Jewish? Yes & No.
Passover is the Jewish festival that celebrates the deliverance of Israel from the bondage of the Egyptians about 3,300 years ago. (That was a looong time ago.) Passover in 2018 began Friday, March 30 at sunset and ends today, Saturday, April 7.
My own sister married an Armenian/Turkish Jew, so her marital family with children is Jewish. But they are hard-hearted and have passed me over, for almost forty years now, not a kind word, not a penny to help me when I have been in need.
But this blog is not about them, this is my memoir. When I was about thirty years old my mother confirmed what I had heard as a child, that my maternal great-grandmother was a German/French Jew. In my early years I had already explored my maternal grandmother’s religion of Catholicism, reading the old and new testaments of the Bible through (Literally? Seriously?), taking a Catholic catechism class, and attending mass, but the demand that I espouse nonsensical dogma blocked me from full appreciation of Catholic pomp and circumstance. I could not be Catholic. True to form, I thoroughly explored this newly revealed Jewish connection, which was also confirmed by DNA testing years later. I took two quarters of Jewish studies at the University, I joined a No-Hebrew-Necessary congregation, and I took a Jewish studies class led by the well-respected rabbi of that congregation. I thought carefully for a few years, no, I could not be Jewish, no matter how much I responded to the intellectualism, the style of that religion. I would have had to have been raised to it, or brought into it by loving family members, neither of which happened. Not to mention that I do not have any aptitude for learning languages, my Latin being long forgotten through disuse (much like the language itself), and my French and Spanish being at the level of a two-year old (nouns and verbs), so Hebrew was lost to me.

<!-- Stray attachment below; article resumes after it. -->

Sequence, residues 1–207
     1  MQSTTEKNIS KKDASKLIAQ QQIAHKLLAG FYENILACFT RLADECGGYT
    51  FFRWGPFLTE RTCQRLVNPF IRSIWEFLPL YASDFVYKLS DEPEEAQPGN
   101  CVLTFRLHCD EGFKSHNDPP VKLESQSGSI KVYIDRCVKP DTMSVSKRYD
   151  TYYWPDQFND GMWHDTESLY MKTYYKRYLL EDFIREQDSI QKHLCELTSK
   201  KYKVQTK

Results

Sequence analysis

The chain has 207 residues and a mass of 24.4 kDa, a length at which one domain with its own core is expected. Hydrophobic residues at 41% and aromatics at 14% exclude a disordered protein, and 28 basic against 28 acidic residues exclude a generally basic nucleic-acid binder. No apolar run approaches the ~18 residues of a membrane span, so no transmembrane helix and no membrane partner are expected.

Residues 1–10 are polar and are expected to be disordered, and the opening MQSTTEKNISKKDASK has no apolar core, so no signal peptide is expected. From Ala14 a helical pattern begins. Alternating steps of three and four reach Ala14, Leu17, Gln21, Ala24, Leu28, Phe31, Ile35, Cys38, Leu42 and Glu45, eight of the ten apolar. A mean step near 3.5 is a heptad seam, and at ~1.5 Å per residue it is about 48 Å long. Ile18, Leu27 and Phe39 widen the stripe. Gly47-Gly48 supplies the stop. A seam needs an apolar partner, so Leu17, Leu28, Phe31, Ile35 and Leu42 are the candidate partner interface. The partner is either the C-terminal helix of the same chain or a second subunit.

Well, anyway both of those ancient religions celebrate with wine which I do not like.
Caption: Shalom In The Hand Of Annmarie Throckmorton